equation image

whose Fourier transform is given by

equation image

and which now contains finite energy. The diffracted fields produced by this transition function are compared to those from the original impedance transition function, with source and observation heights of 1λ (in Figure 4a). The results are shown in Figure 5. As expected, the effect of a damped transition, with finite energy smoothes the transition in the total fields across the reflection boundary (the field is continuous). While this result explains the apparent discontinuity in the fields across the reflection boundary it is not apparent as to how a to apply a damping factor which produces physical results. A more appropriate adjustment may be made to the direct dipole fields. While the plane wave approximation for the fields incident on the transition is a valid one, it does not account for the radiation pattern of the dipole and the decay of the dipole fields away from the transition. A proper solution however, can be obtained by considering an antenna with a radiation pattern whose spectral representation has a decay factor. In any case while the abrupt discontinuity across the reflection boundary is not in fact physical, the fields on either side of the boundary are correct.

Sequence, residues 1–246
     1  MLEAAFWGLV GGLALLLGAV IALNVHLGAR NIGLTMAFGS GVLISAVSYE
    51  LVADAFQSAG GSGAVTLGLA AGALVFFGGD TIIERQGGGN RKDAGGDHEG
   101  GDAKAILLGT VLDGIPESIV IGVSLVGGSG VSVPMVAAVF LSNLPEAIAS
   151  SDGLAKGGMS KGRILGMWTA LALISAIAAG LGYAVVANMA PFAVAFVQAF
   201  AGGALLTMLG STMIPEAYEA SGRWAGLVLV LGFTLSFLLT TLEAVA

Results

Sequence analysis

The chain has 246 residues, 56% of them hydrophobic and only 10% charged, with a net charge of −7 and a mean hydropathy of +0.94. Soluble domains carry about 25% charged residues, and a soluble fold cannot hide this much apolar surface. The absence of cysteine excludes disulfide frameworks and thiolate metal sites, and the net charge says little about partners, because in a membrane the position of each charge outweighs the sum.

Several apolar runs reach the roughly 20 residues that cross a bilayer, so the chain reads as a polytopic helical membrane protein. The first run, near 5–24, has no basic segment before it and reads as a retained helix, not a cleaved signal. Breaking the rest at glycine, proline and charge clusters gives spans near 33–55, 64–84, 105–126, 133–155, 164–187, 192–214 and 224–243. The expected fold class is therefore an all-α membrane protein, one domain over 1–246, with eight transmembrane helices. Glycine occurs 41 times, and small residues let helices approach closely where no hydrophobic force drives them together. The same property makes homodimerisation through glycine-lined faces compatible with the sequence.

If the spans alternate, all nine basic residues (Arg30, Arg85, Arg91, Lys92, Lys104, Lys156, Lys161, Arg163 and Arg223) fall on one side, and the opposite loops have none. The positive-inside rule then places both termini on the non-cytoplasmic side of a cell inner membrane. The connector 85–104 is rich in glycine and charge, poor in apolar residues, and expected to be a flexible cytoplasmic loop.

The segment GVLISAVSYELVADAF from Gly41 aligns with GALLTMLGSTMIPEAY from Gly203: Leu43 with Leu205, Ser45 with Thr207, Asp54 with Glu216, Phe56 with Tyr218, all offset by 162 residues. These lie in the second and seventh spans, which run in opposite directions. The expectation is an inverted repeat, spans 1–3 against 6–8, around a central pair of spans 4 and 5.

Figure 5.

Magnitude (dB) of path loss at 30 MHz, for a land/sea transition, located at x = 0, z component of the electric fields for a vertical (z-directed) electric dipole. Transition width is 0λ (abrupt), observation y = 0, observation x from −50λ to 150λ. Dipole position is at x0 = −100λ, y0 = 0λ. Ground moisture is 10%, sea is saline water with a 32.5pp/1000 salt content (see Table 1). Results for space wave (solid line), total dipole fields, infinite transition function (dashed line), and total dipole fields, weighted transition function (dot-dashed line).